The University has an excellent employment record, with Kent Law School graduates commanding some of the highest starting salaries in the UK. Law graduates can go into a variety of careers, including:

  • solicitor or barrister in a private practice
  • company lawyer
  • legal work within government
  • legal work within the charity and NGO sector
  • non-legal careers, such as banking, finance and management.

A large number of Senior Status students are from outside England and Wales, and pursue qualification in their home jurisdiction upon graduation - for example, Canadian students will commonly return to Canada to meet NCA requirements and pursue qualification as lawyers.

Help finding a job

Kent Law School has an active careers programme – leading law firms and prominent members of the legal profession visit the University to meet our students. We also work with employers to create work placement opportunities for our students.

The Law School's dedicated Employability and Careers Development Officer can give you advice on how to:

  • apply for jobs
  • write a good CV
  • perform well in interviews.

You also have access to the University's friendly Careers and Employability Service.

Work experience

Our award-winning Kent Law Clinic gives local people access to free legal advice and representation. As a student, this gives you the chance to work on real cases under the guidance of qualified lawyers. You take on clients and sometimes have the chance to act as the client’s advocate in court or at a legal tribunal.

Career-enhancing skills

Our approach to law helps you to develop:

  • a detailed knowledge of the law
  • sophisticated legal research and writing skills
  • practical skills in mediation, negotiation and interviewing clients.

You gain intellectual, analytical and practical skills that are vital to lawyers but also useful in many other professions. These include the ability to:

  • think critically
  • communicate your ideas and opinions
  • manage your time effectively
  • work independently or as part of a team.

You can also gain extra skills by signing up for one of our Kent Extra activities, such as learning a language or volunteering.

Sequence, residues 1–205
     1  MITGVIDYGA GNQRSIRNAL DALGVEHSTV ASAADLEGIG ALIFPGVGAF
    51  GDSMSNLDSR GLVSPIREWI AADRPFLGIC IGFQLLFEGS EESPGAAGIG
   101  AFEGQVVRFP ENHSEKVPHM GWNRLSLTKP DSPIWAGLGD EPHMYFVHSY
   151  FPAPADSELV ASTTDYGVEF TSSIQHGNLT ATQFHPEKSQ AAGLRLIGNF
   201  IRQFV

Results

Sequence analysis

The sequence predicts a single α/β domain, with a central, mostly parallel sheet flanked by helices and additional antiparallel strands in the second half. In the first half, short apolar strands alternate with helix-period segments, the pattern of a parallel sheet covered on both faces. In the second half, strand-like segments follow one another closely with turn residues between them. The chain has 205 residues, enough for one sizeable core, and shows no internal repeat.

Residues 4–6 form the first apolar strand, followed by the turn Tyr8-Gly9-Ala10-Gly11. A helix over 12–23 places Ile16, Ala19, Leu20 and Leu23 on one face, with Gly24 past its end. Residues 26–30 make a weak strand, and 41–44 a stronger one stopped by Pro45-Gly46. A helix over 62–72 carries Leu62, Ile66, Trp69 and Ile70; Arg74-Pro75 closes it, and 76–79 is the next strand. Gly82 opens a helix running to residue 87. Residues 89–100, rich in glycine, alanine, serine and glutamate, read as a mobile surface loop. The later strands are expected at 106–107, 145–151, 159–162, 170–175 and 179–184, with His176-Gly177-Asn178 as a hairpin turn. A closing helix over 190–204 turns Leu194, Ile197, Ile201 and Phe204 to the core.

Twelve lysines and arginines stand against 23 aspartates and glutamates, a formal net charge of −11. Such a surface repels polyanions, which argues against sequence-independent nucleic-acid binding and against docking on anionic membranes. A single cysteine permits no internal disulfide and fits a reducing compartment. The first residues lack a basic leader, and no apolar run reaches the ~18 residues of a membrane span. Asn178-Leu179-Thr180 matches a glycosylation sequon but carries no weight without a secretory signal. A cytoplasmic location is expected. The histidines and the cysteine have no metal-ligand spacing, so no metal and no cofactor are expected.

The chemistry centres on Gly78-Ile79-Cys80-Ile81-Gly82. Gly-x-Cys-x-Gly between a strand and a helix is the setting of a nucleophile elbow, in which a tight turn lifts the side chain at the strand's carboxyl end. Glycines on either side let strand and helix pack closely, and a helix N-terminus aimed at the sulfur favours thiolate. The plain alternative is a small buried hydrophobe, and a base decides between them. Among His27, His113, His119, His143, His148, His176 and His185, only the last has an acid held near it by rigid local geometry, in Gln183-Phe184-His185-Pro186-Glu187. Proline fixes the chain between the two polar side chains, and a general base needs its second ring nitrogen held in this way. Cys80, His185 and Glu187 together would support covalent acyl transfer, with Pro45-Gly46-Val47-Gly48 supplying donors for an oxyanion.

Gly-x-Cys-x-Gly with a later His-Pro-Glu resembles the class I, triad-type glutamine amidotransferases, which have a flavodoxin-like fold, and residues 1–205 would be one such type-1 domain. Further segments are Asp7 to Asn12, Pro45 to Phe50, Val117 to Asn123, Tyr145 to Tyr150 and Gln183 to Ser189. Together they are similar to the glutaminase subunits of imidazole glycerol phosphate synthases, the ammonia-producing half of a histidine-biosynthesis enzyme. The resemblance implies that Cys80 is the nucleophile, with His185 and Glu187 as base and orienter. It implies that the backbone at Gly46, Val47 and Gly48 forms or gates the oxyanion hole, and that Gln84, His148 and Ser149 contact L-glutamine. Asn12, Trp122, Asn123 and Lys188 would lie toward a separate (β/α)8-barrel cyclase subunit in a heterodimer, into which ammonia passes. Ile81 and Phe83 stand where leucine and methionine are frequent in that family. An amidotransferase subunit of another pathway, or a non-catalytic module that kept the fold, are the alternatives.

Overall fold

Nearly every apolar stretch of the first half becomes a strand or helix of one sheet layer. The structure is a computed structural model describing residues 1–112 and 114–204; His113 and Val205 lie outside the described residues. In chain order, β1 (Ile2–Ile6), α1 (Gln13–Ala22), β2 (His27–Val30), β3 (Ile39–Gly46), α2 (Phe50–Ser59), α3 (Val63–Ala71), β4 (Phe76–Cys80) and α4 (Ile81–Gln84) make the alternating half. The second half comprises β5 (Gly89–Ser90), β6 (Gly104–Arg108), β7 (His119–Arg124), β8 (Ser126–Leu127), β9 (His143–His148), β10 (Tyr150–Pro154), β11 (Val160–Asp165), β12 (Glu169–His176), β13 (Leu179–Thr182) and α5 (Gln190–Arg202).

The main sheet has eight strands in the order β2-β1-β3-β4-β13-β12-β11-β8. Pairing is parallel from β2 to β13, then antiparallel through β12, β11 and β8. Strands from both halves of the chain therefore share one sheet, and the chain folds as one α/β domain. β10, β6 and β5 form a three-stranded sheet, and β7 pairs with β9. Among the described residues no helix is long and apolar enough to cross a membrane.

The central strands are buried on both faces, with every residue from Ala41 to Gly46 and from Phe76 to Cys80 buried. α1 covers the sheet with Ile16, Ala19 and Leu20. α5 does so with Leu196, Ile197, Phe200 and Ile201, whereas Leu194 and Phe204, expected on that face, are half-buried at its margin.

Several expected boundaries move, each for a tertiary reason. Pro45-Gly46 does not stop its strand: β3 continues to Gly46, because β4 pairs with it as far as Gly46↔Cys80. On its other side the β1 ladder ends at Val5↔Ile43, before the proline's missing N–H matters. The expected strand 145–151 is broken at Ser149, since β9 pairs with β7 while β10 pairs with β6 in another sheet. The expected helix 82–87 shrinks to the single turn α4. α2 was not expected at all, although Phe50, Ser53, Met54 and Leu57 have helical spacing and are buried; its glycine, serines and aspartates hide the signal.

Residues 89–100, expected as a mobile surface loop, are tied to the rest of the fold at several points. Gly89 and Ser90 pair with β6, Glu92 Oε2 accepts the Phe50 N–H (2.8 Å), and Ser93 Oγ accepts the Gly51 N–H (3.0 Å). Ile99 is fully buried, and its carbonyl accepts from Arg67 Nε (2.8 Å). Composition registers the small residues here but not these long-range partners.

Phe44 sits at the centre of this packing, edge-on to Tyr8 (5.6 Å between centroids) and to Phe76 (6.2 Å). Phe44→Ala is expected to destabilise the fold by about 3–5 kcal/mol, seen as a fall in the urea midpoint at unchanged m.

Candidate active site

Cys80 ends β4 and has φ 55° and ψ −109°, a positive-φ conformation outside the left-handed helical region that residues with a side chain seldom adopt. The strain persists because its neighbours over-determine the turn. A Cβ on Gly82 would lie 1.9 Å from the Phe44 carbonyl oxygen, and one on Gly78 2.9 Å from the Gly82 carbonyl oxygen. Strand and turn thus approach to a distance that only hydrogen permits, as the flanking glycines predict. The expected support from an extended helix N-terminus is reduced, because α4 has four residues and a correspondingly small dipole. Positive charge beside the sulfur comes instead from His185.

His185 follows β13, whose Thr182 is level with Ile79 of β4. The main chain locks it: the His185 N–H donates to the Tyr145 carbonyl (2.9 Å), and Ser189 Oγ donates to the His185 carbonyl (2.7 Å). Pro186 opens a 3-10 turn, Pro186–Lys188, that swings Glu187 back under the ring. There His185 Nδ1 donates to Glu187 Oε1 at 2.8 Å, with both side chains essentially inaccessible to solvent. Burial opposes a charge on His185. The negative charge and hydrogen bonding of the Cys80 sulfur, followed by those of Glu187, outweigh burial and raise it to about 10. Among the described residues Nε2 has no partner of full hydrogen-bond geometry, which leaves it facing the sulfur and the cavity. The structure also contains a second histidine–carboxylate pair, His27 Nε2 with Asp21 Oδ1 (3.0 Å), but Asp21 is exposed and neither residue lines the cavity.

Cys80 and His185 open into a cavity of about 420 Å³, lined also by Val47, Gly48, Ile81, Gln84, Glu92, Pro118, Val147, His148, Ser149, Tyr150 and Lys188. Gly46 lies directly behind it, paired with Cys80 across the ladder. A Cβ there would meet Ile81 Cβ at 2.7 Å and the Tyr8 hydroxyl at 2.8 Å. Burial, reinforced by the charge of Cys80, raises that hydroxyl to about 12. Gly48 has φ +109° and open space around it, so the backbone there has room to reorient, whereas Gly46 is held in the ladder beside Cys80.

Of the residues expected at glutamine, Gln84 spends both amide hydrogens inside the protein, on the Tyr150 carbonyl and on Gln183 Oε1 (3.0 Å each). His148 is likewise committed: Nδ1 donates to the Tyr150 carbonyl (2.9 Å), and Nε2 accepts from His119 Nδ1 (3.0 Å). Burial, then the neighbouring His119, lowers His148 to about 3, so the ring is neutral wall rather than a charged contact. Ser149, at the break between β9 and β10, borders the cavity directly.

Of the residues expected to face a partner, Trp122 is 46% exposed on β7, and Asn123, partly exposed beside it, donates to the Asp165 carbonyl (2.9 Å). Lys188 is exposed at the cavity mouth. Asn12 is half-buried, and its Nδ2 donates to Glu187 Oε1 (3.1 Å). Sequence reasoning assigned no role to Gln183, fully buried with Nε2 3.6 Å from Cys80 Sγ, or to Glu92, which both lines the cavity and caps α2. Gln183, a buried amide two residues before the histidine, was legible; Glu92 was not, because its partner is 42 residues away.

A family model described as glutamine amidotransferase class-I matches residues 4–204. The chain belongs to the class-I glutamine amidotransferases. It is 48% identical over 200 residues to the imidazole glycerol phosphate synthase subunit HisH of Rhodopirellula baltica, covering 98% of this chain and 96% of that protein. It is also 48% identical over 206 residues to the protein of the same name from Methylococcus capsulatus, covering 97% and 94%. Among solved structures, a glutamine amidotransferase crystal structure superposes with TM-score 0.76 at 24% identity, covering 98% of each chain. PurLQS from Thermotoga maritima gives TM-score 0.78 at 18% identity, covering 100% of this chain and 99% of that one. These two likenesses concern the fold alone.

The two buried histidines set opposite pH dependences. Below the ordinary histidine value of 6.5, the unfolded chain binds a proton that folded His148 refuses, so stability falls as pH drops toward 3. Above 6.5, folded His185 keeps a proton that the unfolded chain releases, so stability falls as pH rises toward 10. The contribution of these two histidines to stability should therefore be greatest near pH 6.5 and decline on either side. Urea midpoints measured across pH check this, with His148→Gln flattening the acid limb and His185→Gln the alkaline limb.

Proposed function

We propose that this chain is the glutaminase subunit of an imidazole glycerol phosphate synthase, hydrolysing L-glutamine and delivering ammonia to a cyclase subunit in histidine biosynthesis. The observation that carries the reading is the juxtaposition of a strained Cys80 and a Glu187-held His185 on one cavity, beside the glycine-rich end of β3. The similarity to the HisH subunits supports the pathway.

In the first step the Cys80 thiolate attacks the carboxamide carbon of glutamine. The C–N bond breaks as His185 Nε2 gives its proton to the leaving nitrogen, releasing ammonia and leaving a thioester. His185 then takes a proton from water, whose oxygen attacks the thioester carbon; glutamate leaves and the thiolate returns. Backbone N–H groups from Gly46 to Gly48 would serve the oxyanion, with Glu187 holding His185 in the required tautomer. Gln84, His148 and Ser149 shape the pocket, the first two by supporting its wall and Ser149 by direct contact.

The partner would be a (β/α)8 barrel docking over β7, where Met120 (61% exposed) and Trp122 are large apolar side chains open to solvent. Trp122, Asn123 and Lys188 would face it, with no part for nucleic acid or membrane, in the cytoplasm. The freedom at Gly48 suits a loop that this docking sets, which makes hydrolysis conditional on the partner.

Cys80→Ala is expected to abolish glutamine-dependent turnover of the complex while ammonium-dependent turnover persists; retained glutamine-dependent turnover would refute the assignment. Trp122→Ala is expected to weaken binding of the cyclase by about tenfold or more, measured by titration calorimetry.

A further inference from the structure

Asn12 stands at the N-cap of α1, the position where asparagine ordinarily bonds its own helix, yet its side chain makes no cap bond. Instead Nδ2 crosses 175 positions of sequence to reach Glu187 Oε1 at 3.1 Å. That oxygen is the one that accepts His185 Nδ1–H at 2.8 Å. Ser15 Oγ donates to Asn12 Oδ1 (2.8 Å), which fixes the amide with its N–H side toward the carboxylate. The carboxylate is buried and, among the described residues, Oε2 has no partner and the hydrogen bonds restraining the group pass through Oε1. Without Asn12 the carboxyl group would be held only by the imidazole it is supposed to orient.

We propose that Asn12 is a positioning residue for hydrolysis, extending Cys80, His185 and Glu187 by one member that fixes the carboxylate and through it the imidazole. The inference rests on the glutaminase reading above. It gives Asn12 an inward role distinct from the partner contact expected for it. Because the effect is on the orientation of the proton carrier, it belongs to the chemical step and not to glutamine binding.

Professional recognition

Our degree programmes contain the foundations of legal knowledge required by the Bar Standards Board to satisfy the academic component of professional training for intending barristers. They also provide a strong foundation for students who wish to take the Solicitors Qualifying Examinations (SQE).

Our critical approach to law and legal practice enables students to develop creative intellectual and transferable skills which prepare them for contemporary legal practice – in the UK and worldwide, and for successful careers in many fields.

Apply for Law (Senior Status) - LLB (Hons)

Previous study

Any applicant to Law (this includes all Law programmes, including all joint programmes) who is currently studying or has previously studied Law at university level, even if the qualification was only partly completed or is incomplete, must state this clearly in the qualifications section of the UCAS form, and provide transcripts detailing this study direct to the University where available.

Full-time applicants

Full-time applicants (including international applicants) should apply through the Universities and Colleges Admissions Service (UCAS) system. If you need help or advice on your application, you should speak with your careers advisor or contact UCAS Customer Contact Centre. You can also write to UCAS at:

UCAS Customer Contact Centre,
PO Box 28,
Cheltenham
GL52 3LZ

The institution code number of the University of Kent is K24, and the code name is KENT. 

Find out more about applying to university in our 'How to apply' section.